Footage showed, interestingly, that among the protesters was a man who turned up at other protests, for example in a failed attempt to break the anti-government occupation of Sofia University in November; also at a left-wing protest against President Plevneliev; and in the crowd at a rally by wannabe politician Nikolai Barekov, a former journalist who styles himself an opponent of Bulgaria’s current political establishment.
The fact is that the squabble over the 15th century mosque, dressed up as a religious issue, with some participants invoking their affiliation to Eastern Orthodox Christianity in objecting to the mosque, actually is linked to much broader national political issues.
One is the attempt by ultra-nationalist political groupings to again use Islamophobia to bolster their political fortunes, including ahead of Bulgaria’s 2014 European Parliament elections. For Ataka, there is a desperate scrabble for credibility after Volen Siderov’s party acted time and again to put and keep the largely ethnic Turkish Movement for Rights and Freedoms in power as part of Bulgaria’s current ruling axis.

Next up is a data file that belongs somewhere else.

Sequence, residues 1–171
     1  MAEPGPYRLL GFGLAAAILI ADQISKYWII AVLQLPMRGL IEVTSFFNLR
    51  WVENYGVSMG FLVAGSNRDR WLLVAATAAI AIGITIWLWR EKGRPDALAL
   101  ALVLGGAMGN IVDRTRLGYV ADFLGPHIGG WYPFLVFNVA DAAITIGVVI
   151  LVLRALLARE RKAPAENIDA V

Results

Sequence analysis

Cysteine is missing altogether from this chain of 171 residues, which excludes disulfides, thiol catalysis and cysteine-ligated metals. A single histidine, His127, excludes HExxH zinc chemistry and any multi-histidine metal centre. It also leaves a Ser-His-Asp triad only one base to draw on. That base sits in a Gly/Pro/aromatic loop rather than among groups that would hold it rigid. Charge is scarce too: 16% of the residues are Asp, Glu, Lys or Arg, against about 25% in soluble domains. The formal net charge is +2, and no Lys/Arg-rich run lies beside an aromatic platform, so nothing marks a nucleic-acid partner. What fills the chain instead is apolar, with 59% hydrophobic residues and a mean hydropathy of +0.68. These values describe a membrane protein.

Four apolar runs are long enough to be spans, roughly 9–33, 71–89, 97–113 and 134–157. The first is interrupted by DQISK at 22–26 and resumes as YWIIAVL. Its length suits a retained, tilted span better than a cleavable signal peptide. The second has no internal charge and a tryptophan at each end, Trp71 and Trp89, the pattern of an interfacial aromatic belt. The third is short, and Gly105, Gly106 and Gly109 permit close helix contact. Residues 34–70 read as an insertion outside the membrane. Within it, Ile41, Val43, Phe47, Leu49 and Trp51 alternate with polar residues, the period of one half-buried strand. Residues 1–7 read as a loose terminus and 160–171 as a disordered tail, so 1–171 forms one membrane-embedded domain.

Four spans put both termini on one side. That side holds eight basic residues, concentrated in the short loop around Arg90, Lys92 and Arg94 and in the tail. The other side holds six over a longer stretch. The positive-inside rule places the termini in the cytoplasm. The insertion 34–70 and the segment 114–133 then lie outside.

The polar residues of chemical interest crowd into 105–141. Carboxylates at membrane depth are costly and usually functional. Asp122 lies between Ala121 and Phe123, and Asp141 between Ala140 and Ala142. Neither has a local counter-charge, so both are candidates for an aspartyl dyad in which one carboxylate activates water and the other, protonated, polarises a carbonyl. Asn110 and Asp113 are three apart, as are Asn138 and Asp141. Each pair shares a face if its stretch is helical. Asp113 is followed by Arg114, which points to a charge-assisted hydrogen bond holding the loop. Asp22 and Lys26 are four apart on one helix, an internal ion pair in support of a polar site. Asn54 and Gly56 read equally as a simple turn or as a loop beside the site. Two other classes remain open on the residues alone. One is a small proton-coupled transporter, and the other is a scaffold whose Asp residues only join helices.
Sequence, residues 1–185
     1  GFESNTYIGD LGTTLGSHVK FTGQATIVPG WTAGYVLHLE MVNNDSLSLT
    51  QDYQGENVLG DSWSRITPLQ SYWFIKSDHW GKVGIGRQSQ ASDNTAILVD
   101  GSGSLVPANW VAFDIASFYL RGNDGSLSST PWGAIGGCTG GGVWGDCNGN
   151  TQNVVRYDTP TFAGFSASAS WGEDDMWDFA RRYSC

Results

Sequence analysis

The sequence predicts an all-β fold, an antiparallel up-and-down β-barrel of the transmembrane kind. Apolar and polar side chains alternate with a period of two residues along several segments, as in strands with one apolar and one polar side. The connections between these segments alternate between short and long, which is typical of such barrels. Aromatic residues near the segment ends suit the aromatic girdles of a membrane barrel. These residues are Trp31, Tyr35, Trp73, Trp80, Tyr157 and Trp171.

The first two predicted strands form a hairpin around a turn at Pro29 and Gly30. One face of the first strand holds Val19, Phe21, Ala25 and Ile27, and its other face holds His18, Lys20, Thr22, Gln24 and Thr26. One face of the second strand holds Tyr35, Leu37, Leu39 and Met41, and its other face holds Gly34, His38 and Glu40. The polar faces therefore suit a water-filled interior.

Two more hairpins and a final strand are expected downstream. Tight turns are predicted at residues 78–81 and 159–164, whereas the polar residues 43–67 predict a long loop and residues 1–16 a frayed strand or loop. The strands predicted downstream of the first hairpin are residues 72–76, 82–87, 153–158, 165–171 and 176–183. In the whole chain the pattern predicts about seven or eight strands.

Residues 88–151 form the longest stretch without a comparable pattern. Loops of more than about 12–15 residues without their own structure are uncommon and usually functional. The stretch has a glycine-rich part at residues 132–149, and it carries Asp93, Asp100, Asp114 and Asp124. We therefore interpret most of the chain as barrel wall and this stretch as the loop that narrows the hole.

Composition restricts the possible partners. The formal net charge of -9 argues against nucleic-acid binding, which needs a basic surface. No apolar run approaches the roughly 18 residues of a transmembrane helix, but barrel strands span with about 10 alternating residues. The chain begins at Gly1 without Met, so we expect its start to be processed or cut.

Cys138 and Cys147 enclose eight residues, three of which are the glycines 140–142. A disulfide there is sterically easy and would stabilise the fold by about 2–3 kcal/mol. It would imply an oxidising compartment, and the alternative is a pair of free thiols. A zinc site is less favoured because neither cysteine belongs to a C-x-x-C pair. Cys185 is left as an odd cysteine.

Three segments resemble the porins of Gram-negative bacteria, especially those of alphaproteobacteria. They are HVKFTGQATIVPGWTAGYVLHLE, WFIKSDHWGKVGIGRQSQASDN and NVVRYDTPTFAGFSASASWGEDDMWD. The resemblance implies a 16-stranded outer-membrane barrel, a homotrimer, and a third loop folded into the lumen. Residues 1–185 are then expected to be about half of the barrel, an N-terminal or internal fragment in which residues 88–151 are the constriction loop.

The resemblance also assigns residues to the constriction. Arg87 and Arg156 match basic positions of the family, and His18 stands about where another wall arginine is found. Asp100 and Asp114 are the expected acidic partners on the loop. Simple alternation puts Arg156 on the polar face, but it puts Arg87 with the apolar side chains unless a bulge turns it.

After the Plovdiv District Court made its ruling on the Kurşun mosque, it was Ataka that announced that it was launching a petition against the mosque (managing, inter alia, to somehow blame President Plevneliev for allegedly “putting pressure on the court” – there is, predictably, no evidence to suggest that Plevneliev did so) and adding that while there had been a fire at the other mosque, the former centre-right government had provided funds for its restoration.